Located on Longley Road just south of the Pepperell town line, these 42 acres were donated by Peter and Dorothy Rinaldo and Anne and Marion Manderson in 1980. The history of the pond reveals that it was used to harvest ice and there is the site of an old ice house on private land on the peninsula. From the road, Wattles appears to be two ponds because the narrow knolled peninsula juts into the pond, almost bisecting it. It has become a popular fishing and skating spot. Kayaks can also easily be accommodated at its gently sloping banks. Several cars can be parked at the Trust sign just off the road or at the northernmost cart path.
Hiking and cross-country skiing is best started from the northern cart path alongside the pond. At the back of the pond a footpath goes off to the right. One of the few black tupelo trees in Groton (Nyssa Sylvalica) is located on the pond side of this path. In the fall this medium sized tree can be distinguished by the brilliant red color of its plain glossy elliptical leaves. In the winter its horizontal gnarly branches are distinctive. Big silver maple trees line the back edge of the pond.
The foot path along the back of the pond should only be hiked if one is well covered since poison ivy is abundant here. There are picturesque views and lovely spots where one can rest and contemplate. Behind a large fallen tree one can see an overflow ditch which keeps the pond from flooding Longely Road after heavy rain. The pond has no surface outlet and, as a result, its level rises in the spring to cover the path and drops in the fall. The foot path dead-ends at a stream on the south side of the property. A trail branch to the new subdivision provides a link to Nashua Road.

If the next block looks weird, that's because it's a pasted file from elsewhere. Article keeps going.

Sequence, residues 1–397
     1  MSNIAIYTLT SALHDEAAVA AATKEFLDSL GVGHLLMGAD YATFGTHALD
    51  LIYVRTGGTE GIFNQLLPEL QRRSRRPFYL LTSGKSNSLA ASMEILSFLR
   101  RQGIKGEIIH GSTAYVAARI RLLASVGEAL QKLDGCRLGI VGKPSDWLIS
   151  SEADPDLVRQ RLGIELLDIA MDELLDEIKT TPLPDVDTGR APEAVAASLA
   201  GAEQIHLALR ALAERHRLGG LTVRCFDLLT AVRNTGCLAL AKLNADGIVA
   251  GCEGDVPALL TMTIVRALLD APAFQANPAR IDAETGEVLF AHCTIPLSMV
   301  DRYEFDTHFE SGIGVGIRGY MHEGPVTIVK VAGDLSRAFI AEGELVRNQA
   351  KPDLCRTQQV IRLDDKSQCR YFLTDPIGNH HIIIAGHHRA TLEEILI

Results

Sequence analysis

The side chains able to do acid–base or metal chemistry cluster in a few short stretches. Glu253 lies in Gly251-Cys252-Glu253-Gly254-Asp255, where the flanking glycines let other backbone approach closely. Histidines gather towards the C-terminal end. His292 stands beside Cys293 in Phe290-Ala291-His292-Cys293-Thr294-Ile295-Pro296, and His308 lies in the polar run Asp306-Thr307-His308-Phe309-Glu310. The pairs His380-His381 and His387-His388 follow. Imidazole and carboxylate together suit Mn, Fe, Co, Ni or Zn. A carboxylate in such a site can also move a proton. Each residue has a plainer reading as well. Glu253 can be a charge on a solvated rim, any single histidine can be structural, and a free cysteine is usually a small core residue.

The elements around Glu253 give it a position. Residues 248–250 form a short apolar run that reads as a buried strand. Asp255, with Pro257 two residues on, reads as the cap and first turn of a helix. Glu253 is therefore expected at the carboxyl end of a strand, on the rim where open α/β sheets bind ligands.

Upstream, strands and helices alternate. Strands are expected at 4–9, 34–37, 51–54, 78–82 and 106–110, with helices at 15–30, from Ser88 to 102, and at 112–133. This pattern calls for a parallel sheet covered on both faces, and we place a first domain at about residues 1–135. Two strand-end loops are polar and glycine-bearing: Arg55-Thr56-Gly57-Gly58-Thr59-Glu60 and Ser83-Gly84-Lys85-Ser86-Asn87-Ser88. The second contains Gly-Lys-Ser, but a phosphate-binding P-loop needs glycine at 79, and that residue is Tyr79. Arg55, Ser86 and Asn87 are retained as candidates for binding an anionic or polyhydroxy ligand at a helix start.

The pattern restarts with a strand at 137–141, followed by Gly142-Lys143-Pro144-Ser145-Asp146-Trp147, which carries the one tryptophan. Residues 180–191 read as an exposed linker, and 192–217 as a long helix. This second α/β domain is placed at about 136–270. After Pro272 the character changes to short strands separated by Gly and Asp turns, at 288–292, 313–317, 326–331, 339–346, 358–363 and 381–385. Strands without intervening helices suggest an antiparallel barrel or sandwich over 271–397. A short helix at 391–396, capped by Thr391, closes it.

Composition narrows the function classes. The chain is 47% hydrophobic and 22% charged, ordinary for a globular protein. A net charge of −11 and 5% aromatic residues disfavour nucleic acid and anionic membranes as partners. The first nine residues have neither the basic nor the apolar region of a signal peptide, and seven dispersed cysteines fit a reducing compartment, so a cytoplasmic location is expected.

If one bears left at the back of the pond past a small knoll, the trail gently slopes down through woods of white pine and mixed hardwoods. This trail is used by equestrians since it links bridle trails in both directions outside the property. After a 10 minute hike one arrives at an intersection on private property. The trail to the right crosses a brook on Pepperell Town land. The shortest way back is to retrace one’s steps.
Among the wildlife observed at Wattles Pond are mallard ducks, Canada geese, frog, painted and snapping turtles, pileated woodpeckers and barred owls.